We're working on using context clues in my class so I have pinned these anchor charts for use in the classroom. 

Mandy Neal

Teaching and Tapas is offering a free six page set of context clue exercises. These will work well in guided reading groups. 

Sunday, March 16, 2014

St. Patrick's Day Activities

At Smart Chick's TPT store, you can find a fun (and free!) STEM activity for St. Patrick's Day. Students are challenged to create a trap for a leprechaun. Go check it out!

You can find the template for this leprechaun craft at Sassy Dealz. There are other craft ideas on this website as well. I'm going to do this with my class and add a procedural writing assignment. 

Saturday, March 15, 2014

Behold the Beautiful Dung Beetle

Behold the Beautiful Dung Beetle
written by Cheryl Bardoe; illustrated by Alan Marks
2014 (Charlesbridge Publishing)
Source: Review copy provided by the publisher

Check out Nonfiction Monday for more nonfiction book reviews.

Found on all of the continents except for Antarctica, the mighty dung beetle is an under appreciated model of efficiency. When an animal, such as an elephant, drops its waste, the dung beetle springs into action. Using its antennae to pick up the aroma of fresh feces, dung beetles can arrive as fast as fifteen seconds after the poop plops down. (Seriously, how did someone learn this information? Are they sitting in the tall grass with one eye on a stopwatch and another on an elephant? And don't you know that if dung beetles had smartphones, there would be an app for finding fresh dung. I would call it Poop Scoop. Available now on iTunes.) All kidding aside, dung is a serious matter for these beetles. It is the source of their food and drink. Using their jaws, dung beetles squeeze the juice out of the dung and this is their source of nutrition. This makes me feel bad for complaining about eating brussel sprouts as a kid. Attacking these dung piles are three types of dung beetles. Dwellers eat as much as they can before moving on. Rollers roll a dung lump into a sphere by eating as they roll. Tunnelers dig burrows underneath the pile of feces and store their treasure down below. Among all three groups, there are battles for territory and for mates. Eventually, the dung perpetuates the life cycle of the beetle as eggs are laid in the dung and grubs use it for food. When you consider the perseverance and ingenuity of the dung beetle, it is indeed a beautiful creature.

It would be easy to be repulsed by the work of the dung beetle, but you would be missing out on an important lesson. Everything in nature seems to have a purpose, a reason for being. Dung beetles provide a valuable service even though they are not exactly the glamorous members of the animal kingdom. Cheryl Bardoe and Alan Marks do a terrific job spotlighting the work of this fascinating insect.

Monday, March 3, 2014


written and illustrated by Tania Sohn
2014 (Kane Miller)
Source: Review copy provided by the publisher

In this cute new import from South Korea, a preschool girl and her cat explore all of the socks in her collection and how they stir her imagination. Socks with stripes bring out a witch's hat and a broom. Ankle high green socks bring about a hop through the dandelions. Knee length yellow socks are worn by her soccer team. My daughter's team liked to wear socks of different colors with polka dots. The girl places a baby sock on her big toe and tries on her daddy's way-to-big socks. This reminds me of watching my daughters as they grow and the cool shoes they have worn over the years. Do you remember Jellies? Christmas socks hung underneath the window bring about anticipation of a visit from you-know-who. And who hasn't wanted to tie a blanket around their neck and pretend they were a super hero while wearing socks with a capital S inside a pentagon?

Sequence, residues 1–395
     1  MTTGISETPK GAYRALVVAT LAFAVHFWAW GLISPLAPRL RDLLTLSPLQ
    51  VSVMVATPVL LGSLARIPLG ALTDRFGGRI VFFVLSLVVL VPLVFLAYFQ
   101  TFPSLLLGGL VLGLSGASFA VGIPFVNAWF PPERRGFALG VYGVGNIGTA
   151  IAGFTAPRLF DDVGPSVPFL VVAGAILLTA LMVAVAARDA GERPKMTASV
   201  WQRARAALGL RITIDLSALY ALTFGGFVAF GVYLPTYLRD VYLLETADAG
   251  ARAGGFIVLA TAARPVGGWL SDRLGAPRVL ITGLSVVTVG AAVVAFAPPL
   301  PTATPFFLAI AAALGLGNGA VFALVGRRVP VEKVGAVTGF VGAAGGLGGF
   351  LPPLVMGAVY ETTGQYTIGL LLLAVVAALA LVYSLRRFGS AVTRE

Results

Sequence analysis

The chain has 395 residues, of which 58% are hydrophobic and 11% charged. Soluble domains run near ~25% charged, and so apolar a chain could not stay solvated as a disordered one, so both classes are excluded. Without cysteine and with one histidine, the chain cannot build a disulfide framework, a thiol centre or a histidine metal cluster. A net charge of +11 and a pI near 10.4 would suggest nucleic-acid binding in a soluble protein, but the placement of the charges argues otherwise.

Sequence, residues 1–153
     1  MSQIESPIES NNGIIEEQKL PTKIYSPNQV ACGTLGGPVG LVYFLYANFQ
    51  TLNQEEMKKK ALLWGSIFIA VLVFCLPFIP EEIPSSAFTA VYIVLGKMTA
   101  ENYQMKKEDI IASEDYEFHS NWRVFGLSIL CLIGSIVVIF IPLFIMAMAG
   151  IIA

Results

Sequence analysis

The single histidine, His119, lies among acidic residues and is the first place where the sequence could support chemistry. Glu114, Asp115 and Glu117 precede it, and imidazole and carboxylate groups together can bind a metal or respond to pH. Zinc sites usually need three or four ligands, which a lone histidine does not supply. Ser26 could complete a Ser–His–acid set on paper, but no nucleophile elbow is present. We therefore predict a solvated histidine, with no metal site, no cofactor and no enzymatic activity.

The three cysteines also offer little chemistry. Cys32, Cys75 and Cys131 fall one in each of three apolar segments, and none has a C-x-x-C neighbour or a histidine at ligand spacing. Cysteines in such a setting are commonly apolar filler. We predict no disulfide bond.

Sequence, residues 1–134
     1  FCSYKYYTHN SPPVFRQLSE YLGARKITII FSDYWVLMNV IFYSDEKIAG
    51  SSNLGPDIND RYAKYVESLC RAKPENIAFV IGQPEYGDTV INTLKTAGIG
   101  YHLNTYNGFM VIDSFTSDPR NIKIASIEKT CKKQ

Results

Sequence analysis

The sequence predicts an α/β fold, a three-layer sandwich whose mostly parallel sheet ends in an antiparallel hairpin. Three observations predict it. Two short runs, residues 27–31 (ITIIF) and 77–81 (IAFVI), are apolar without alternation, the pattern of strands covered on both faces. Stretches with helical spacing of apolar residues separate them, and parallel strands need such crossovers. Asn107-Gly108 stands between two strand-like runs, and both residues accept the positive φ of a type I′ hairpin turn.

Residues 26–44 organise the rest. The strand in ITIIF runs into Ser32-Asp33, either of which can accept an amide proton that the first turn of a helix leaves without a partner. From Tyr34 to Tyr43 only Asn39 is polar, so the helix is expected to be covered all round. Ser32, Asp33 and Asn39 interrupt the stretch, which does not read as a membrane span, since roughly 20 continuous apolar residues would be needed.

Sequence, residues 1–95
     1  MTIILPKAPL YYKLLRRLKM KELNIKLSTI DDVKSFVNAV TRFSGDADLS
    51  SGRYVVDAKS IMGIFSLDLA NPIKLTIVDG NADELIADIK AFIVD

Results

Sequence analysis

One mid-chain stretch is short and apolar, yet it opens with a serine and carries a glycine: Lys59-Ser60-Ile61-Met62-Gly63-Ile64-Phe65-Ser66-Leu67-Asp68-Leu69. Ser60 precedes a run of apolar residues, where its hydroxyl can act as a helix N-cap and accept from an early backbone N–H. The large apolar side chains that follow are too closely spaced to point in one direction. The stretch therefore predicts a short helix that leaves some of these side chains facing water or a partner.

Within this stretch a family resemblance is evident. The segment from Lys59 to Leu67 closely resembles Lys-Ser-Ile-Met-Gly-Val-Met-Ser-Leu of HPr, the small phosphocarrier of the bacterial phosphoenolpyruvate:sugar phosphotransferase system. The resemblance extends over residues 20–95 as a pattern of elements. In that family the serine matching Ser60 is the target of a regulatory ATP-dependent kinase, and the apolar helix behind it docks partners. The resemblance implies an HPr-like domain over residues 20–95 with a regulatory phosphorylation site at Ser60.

Socks! celebrates an everyday item and how it can unleash our imagination. As an adult, I don't think much about socks other than making sure I have a matching pair that go with my clothes. But for kids, socks are pretty important. They use them to try to build an identity for themselves and work out their individuality. My oldest daughter is named for a student who wore mismatched socks because she had tremendous confidence in herself. I also appreciate books that encourage children to use their imagination. If you are looking for a classroom use for Socks!, think about collecting data about the socks in your classroom and turning that data into a graph.

Photo courtesy of Wikimedia Commons

Saturday, March 1, 2014

Two New Nonfiction Board Books

My First Book of Baby Animals
National Wildlife Foundation
2014 (Imagine Publishing)
Source: Review copy provided by the publisher

In this new board book, you get close-up photographs of twenty-one baby animals. Each page also has the name of the animal and the name of the young. Almost all of the young animal names will be familiar to you, but did you know that a baby gorilla is called an infant? We know that this book will be a hit with the toddler crowd. It's nice that you can read nonfiction as a bedtime book, and there's always the gnawability (if not a real word, I claim it!) of a board book. But does this have any use in a classroom?

I say yes! My second grade class will be soon delving into creating graphs. You could hand a student this board book and ask them to create a bar graph representing the animal groups in the book. How many mammals, how many birds? Out of the twenty-one photographs, how many of them feature a parent? That could be graphed. You could also use this book as a model text for a preschool or kindergarten writing assignment. There are several possibilities for uses in the classroom.

My First Book of Wild Animals
National Wildlife Foundation
2014 (Imagine Publishing)
Source: Review copy provided by the publisher

As stated above, My First Book of Wild Animals could be used in the same way in the classroom. Another idea would be for students to create their own books featuring wild animals that they see in their daily lives.

Both of these books will be great fun to read with a toddler and a surprising source of curriculum for a classroom.